Another solution is to bridge a large value “X” capacitor between the two “Y” capacitors.The “X” capacitive shunt provides ideal common-mode balance, but also has the undesirable side effect of differential signal filtering.Perhaps the most common solution and an alternative to a low pass filter is a common mode choke.
A common mode choke is a 1:1 transformer with both windings acting as primary and secondary.In this method, the current through one winding induces an opposite current in the other winding.Unfortunately, common mode chokes are also heavy, expensive, and susceptible to vibration-induced failure.
Nonetheless, a suitable common mode choke with perfect matching and coupling between the windings is transparent to differential signals and has high impedance to common mode noise.One disadvantage of common mode chokes is the limited frequency range due to parasitic capacitance.For a given core material, the higher the inductance used to obtain low frequency filtering, the more turns are required, thus resulting in parasitic capacitances that cannot pass high frequency filtering.
Mismatches between windings due to mechanical manufacturing tolerances cause mode switching, where a portion of the signal energy is converted to common mode noise and vice versa.This situation can cause electromagnetic compatibility and immunity issues.The mismatch also reduces the effective inductance of each leg.
In any case, common mode chokes do offer significant advantages over other options when the differential signal (pass through) operates in the same frequency range as the common mode noise that must be rejected.Using a common mode choke, the signal passband can be extended to the common mode rejection band.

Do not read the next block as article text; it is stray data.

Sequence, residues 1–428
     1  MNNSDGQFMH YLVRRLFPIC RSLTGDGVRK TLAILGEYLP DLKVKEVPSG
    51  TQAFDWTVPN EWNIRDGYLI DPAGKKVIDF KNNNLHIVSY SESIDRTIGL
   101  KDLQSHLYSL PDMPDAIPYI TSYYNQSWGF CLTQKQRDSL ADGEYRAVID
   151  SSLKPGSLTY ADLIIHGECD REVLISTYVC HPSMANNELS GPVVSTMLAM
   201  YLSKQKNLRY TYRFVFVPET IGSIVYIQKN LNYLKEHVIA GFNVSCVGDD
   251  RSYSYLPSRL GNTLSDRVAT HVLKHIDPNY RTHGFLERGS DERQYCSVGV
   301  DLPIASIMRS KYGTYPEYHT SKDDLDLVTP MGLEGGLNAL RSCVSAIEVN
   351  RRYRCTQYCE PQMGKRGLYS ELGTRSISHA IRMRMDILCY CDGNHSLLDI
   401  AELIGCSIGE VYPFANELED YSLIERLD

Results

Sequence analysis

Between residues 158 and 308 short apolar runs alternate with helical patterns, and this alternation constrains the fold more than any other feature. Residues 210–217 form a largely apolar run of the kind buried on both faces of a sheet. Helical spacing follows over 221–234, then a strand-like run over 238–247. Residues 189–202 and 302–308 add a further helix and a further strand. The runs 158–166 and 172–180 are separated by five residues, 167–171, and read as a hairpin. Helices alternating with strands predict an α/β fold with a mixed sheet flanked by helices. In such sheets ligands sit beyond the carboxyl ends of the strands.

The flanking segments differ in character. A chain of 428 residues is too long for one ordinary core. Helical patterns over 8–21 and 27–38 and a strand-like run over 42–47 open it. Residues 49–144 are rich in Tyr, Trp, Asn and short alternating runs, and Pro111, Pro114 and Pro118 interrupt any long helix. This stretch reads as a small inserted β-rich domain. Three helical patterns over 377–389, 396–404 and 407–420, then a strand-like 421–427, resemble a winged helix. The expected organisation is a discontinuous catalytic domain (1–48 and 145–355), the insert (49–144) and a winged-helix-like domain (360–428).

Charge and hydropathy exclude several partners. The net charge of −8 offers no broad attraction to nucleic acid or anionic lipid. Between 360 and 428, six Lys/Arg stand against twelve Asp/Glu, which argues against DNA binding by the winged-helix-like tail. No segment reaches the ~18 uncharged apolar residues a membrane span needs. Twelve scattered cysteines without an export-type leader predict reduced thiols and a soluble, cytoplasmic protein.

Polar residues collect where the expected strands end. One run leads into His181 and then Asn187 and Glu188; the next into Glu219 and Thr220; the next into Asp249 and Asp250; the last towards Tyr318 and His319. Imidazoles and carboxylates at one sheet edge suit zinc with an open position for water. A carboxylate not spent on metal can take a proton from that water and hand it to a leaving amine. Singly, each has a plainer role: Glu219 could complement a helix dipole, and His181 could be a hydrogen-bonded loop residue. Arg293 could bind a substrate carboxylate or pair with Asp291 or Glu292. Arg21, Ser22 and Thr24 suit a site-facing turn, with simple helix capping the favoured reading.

Monolithic EMI Filters Although common mode chokes are popular, monolithic EMI filters can also be used.When properly laid out, these multilayer ceramic components provide excellent common-mode noise rejection.They combine two balanced shunt capacitors in one package for mutual inductance cancellation and shielding.These filters use two separate electrical paths within a single device connected to four external connections.
To avoid confusion, it should be noted that monolithic EMI filters are not traditional feedthrough capacitors.Although they look the same (same packaging and appearance), they are very different in design, and they are not connected in the same way.Like other EMI filters, monolithic EMI filters attenuate all energy above the specified cutoff frequency and select to pass only the desired signal energy, while diverting unwanted noise to “ground”.
However, the key is very low inductance and matching impedance.For monolithic EMI filters, the terminals are internally connected to a common reference (shield) electrode within the device, and the plates are separated by the reference electrode.Electrostatically, the three electrical nodes are formed by two capacitive halves that share a common reference electrode, all contained within a single ceramic body.
The balance between the two halves of the capacitor also means that the piezoelectric effects are equal and opposite, canceling each other out.This relationship also affects temperature and voltage variation, so components on both lines age equally.If there’s one downside to these monolithic EMI filters, it’s that they won’t work if the common-mode noise is at the same frequency as the differential signal.”In this case, a common-mode choke is a better solution,” Cambrelin said.
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Post time: Apr-19-2022